Which is better to rent or buy a solar installation

Trends in the photovoltaic solar system for large consumers

Due to the boom that both options have experienced in recent times in the US, they were recently published two reports that address the appropriateness of one or other option for Users of a photovoltaic solar installation.

First, explain what each option is based:

Buy a facility: the traditional way of using solar energy to provide part or all the energy you need a building, be it a private home, a public building, a warehouse, a shopping center, etc. It is to buy the equipment and pay for the services of an installer or buy the facility directly to an installer.

Rent a facility: as with other goods and services, there is the leasing of photovoltaic systems, very popular in the US. Installation is to pay in installments as if funded. They stipulated or fixed terms, or equivalent to saving electricity deadlines provided in the electric bill, so that the end-user gets no debt load for installation, starting the profitability of the same with the company doing the leasing.

Given the multitude of factors that impact on what may be the best choice for an end-user, such an important body as NREL (National Renewable Energy Laboratory of the Department of Energy has conducted a thorough study on the advantages and disadvantages of either option develop recommendations to help better use of the various options.

These reports are about the options available to customers in time to decide on which way to go on the financing of solar energy systems – either with respect to residential or commercial systems.

Among the findings of the new report, the NREL analysts determined that companies using low-cost financing for the purchase of photovoltaic (PV) and homeowners who use specific loans-solar, they are able to save up to 30 % compared to that lease solar photovoltaic systems through third parties.

Here is a summary of the key points of the two reports:

In connection with the first report – Banking on Solar: An Analysis of Banking Opportunities in the US Distributed Photovoltaic Market – Its purpose is to provide an overview of the development of solar loan product in the United States. (DOWNLOAD REPORT)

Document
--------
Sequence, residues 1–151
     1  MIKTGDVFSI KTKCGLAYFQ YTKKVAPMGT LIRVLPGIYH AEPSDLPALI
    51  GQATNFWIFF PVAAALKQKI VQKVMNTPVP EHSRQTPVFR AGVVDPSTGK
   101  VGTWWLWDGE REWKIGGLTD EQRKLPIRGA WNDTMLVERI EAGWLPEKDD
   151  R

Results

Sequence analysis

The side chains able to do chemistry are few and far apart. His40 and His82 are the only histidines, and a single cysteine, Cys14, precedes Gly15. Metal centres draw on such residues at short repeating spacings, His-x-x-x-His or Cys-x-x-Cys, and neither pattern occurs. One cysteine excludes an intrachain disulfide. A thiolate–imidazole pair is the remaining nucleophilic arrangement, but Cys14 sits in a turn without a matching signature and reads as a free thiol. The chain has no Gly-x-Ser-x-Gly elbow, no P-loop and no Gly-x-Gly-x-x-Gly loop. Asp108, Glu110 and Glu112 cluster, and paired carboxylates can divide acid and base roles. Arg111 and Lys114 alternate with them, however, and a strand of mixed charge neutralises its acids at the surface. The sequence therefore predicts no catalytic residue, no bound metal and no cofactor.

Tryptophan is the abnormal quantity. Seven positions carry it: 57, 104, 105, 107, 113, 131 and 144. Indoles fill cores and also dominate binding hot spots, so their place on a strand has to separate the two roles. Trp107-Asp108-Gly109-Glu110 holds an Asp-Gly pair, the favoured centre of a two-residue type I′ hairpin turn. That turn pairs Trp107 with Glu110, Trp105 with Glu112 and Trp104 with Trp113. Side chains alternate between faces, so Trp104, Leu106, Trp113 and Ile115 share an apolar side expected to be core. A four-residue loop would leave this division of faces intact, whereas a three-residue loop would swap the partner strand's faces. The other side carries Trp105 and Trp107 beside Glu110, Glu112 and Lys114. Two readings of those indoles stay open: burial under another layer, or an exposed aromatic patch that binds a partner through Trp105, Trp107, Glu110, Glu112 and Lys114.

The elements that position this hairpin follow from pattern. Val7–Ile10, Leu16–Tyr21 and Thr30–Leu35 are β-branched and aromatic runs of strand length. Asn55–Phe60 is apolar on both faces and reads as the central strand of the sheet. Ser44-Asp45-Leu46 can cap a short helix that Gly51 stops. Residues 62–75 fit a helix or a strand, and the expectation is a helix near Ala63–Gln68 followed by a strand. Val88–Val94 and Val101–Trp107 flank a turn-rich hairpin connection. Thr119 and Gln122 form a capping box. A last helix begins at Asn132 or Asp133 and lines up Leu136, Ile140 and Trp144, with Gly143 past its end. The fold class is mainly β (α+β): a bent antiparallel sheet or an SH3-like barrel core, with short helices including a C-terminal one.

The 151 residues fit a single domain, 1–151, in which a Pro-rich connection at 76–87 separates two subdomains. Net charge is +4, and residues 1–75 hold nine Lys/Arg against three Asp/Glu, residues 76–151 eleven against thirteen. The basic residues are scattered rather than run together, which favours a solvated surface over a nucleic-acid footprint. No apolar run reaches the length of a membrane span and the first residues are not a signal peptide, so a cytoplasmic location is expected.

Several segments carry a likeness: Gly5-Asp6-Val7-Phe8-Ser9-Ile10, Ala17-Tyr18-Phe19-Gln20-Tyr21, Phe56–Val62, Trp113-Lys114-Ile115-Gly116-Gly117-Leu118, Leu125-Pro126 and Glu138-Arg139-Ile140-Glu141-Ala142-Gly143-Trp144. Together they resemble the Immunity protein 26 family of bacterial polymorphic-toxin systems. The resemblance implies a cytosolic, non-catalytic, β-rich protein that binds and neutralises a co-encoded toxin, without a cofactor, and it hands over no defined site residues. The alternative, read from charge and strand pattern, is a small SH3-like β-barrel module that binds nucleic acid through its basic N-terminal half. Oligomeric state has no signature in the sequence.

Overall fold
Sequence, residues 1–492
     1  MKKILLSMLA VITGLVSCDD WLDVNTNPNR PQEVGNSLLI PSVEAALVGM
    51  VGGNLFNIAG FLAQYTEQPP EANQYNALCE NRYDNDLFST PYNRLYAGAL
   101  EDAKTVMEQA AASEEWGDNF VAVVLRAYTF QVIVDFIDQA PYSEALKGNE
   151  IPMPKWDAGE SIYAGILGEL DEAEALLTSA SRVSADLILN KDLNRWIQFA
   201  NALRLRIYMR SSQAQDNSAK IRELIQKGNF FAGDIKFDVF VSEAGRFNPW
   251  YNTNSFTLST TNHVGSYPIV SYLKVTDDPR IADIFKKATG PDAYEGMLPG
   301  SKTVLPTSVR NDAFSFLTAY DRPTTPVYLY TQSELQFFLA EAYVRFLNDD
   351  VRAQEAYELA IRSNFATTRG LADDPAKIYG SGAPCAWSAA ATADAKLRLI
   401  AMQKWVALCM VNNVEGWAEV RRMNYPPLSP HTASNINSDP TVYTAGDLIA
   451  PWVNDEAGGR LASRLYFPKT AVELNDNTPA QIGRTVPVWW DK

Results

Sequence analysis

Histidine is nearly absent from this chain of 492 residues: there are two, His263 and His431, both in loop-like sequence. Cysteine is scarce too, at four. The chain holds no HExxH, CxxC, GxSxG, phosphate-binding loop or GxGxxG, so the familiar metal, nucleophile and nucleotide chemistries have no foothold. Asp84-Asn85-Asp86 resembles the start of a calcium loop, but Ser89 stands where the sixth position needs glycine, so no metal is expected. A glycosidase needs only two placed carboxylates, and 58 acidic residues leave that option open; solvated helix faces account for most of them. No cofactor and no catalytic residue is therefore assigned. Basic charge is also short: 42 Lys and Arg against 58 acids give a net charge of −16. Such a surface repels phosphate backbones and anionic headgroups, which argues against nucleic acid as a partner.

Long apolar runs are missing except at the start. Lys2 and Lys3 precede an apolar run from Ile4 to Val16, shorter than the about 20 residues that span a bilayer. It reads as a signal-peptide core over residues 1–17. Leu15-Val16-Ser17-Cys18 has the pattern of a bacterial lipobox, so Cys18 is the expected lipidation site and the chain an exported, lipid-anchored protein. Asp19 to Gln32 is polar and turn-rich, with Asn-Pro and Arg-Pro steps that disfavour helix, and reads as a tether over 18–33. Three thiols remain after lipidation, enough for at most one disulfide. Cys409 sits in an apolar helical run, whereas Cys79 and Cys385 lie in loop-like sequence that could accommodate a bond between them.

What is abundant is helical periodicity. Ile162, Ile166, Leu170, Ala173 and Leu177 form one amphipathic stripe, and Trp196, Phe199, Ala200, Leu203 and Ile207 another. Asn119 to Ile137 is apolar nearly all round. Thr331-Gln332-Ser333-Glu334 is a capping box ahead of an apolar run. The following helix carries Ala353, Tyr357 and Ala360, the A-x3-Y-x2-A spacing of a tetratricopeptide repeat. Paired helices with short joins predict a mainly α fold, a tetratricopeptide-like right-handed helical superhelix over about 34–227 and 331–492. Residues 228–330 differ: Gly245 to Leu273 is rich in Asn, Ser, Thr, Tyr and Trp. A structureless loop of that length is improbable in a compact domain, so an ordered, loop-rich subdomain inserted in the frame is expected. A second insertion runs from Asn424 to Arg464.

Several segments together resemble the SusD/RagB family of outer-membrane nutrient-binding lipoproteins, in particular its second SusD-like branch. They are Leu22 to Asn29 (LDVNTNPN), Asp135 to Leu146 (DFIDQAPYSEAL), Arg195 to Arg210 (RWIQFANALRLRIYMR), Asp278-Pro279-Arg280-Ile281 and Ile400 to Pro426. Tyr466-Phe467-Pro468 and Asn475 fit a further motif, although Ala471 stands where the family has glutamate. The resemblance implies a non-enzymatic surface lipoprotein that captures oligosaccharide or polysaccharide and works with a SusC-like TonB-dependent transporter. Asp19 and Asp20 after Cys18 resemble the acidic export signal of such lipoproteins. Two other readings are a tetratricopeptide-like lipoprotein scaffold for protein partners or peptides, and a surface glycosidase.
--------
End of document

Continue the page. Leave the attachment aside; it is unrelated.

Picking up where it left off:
Here are some key points:

  • The weighted cost of electricity (LCOE English; Levelized cost of electricity) solar systems for residential loans was lower than the LCOE for residential systems with power purchase agreements (PPA in their stands for power purchase agreement) between 19% and 29% (depending on the loan term) due to the higher cost of capital to the sponsor and tax credits in a PPP transaction.
  • There are additional operational and financial risks associated with owning a solar active, and many of the calculated savings depend on the market situation and the specific situation of an individual or business owner. For example, changes in the credit rating of the homeowner and the term of the loan can double the interest payments on the loan.

Interest rates Market-specific solar loans currently range from 2% with special provisions to 8%” said Travis Lowder, co-author of the new report. “Compare this with a weighted average cost of capital of 10.9% for third-party systems financed through investment tax credits. Using cheaper rates provided by loans could help make solar energy more affordable to more consumers and more competitive with the rates of utilities in most states. ”

In relation to the second report – To Own or Lease Solar: Understanding Commercial Retailers Decisions to Use Alternative Financing Models its purpose is to identify the advantages and disadvantages between methods of funding for companies that install photovoltaic systems on their commercial buildings. The report uses case studies of two large commercial brands (IKEA and Staples) using two possible different approaches. (DOWNLOAD DOCUMENT).

Some of the key findings are:

  • The self-funded LCOE for system modeling is about 30% lower than the LCOE for system funded by the PPA, given the discount rate before tax of a commercial customer of 10%; however, LCOEs are equivalent when the discount rate is 23%.
  • Companies can see the risks of ownership different from those of a system financed by a PPP way. If a company assumes a discount rate before tax of 10% for a PPA against a discount rate before tax of 23% in cash flow, the LCOE would be 14% lower with the PPA.

The financing option for most appropriate photovoltaic for a particular business depends on the characteristics and circumstances of that business,” said David Feldman, a financial analyst and author of the report. “A company should work through its various business groups to decide which is most appropriate for your situation. That said, if a company has less expensive sources of financing and are comfortable with the risks, you can often save on their energy bills by owning a photovoltaic system. “

You can draw two main conclusions of both documents. The first is general and that, from the perspective of the Spanish PV market, which was in its day pioneer and world number one, surprised to see how they have developed many mechanisms for anyone who wants to take advantage of solar energy economically. The second conclusion, more practical, is that there is no magic wand to choose the solution, rely on a professional to advise on what more you can agree to you.

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